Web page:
Legacy, January/February 2003, magazine of the National Association for Interpretation
In the Heart of Jurassic - ah, Komodo - Park
“Komodo could be a little like Jurassic Park,” muses Rili Djauhari, Director of The Nature Conservancy’s Bali office in Indonesia, which supports Komodo National Park. She knows that live dinosaurs are hard to come by these days, but dragons are another matter. Komodo Island and its dragons, nevertheless, bear little resemblance to Jurassic Park Island and its dinosaurs, but that's ok, since Rili refers to the visitor experience.
Komodo, however, hasn’t yet considered the visitor experience in its management and neither do many parks around the world that boast magnificent attractions. I think of Mayan temples, lava-slobbering volcanoes, thick Amazonian jungle, and of course dragons. Tilden Freeman wrote that some attractions might not need interpretation because their beauty is so self-evident. Yet if a park wants to develop and sell a particular visitor experience, it better start interpreting for it.
Author Douglas Adams wrote The Hitchhiker’s Guide to the Galaxy and also Last Chance to See in which he recounted his “adventure” to Komodo in 1989.
We moored at a long, rickety, wooden jetty that stuck out from the middle of a wide pale beach. At the landward end the jetty was surmounted by an archway, nailed to the top of which was a wooden board which welcomed us to Komodo, and therefore served slightly to diminish our sense of intrepidness
The next blow to our sense of intrepidness was the rather neatly laid-out path. This led from the end of the jetty parallel to the shore toward the next and major blow to our sense of intrepidness, which was a visitors’ village This was a group of fairly ramshackle wooden buildings: an administration center from which the island is run, a cafeteria terrace, and a small museum.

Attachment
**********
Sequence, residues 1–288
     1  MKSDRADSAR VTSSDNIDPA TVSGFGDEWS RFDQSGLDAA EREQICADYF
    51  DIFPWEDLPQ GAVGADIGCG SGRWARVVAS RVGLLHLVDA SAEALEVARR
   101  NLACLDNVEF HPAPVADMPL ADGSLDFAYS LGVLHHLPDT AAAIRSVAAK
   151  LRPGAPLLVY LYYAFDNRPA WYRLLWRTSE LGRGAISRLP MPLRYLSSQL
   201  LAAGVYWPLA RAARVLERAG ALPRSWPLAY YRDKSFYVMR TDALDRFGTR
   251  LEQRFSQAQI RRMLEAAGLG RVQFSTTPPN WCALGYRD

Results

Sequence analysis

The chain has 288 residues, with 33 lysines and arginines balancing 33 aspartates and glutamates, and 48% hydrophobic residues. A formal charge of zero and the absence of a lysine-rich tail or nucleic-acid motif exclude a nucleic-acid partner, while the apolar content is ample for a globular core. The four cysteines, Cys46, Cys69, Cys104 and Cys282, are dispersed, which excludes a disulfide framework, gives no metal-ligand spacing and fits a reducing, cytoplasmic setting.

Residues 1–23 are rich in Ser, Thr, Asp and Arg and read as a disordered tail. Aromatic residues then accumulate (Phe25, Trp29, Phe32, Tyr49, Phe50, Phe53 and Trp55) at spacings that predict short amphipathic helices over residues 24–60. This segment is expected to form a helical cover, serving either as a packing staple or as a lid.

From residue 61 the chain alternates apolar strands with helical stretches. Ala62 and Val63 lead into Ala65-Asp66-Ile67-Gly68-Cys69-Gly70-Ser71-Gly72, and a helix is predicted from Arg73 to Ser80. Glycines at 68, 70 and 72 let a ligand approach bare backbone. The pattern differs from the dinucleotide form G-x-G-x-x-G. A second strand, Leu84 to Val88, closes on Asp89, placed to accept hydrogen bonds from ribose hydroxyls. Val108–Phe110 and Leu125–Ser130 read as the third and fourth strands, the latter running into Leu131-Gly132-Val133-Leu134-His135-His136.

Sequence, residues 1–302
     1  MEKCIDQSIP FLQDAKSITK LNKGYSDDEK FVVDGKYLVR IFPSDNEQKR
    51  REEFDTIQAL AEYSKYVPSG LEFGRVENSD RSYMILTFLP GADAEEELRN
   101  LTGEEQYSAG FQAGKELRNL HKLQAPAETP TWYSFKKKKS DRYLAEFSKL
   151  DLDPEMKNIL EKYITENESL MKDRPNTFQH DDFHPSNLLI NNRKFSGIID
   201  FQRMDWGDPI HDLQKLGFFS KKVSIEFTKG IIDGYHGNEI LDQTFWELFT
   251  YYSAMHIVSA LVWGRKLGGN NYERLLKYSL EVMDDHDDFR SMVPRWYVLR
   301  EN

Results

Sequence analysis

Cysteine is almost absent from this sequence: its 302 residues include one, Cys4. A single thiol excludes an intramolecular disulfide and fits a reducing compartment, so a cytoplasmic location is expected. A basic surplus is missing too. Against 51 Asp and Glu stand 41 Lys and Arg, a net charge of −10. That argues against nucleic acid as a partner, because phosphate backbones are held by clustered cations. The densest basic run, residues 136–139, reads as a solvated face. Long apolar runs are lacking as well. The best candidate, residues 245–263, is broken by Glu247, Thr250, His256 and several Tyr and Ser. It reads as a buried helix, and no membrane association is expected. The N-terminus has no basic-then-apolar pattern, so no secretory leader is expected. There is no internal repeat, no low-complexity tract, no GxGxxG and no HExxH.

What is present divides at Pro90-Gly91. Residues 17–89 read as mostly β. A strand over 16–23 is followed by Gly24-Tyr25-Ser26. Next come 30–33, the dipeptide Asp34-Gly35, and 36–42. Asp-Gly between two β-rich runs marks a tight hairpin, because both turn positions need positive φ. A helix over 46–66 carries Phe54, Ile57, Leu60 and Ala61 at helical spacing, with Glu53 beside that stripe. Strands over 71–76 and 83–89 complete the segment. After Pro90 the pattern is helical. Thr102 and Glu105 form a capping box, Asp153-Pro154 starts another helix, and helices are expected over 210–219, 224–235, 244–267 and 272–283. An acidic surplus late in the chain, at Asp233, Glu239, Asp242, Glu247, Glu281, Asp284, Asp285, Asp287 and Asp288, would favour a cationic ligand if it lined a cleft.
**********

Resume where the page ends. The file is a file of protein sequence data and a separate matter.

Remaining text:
Adams describes the cafeteria and then asks one American tourist, “Have you been here long?” “Oh, hours,” she said. “Done the dragons. Bored with them. The food’s terrible.”
The day was to consist almost entirely of things we had not been expecting, starting with the arrival of a group of about two dozen American tourists on a specially chartered boat. They were mostly of early retirement age, festooned with cameras, polyester leisure suits, gold-rimmed glasses and Midwestern accents We were severely put out by their arrival and felt that the last vestige of any sense of intrepidness we were still trying to hold on to was finally slipping away.
But Komodo, like so many other world-class attractions, has enormous potential to mould a unique visitor experience. With proper planning the park could eliminate the “Been-There, Done-That” syndrome suffered by many tourists. To capture a little of Jurassic Park without turning Komodo into an amusement park, consider the following.
2. Develop key messages. The messages should be about the park, for which the dragon is the most obvious flagship. In fact, the park has many unique features. Because it happened to be put down where the Indian and Pacific oceans collide, massive upwellings, whirlpools, and fast currents swirl around the islands. It has some of the greatest marine diversity in the world. There are more venomous snakes per square meter on Komodo Island than anywhere else on earth (7 of 15 species). There are lots of toxic animals underwater as well: scorpionfish, stonefish, sea snakes, corals, fire worms. With this kind of muscle, key messages are not so hard to craft: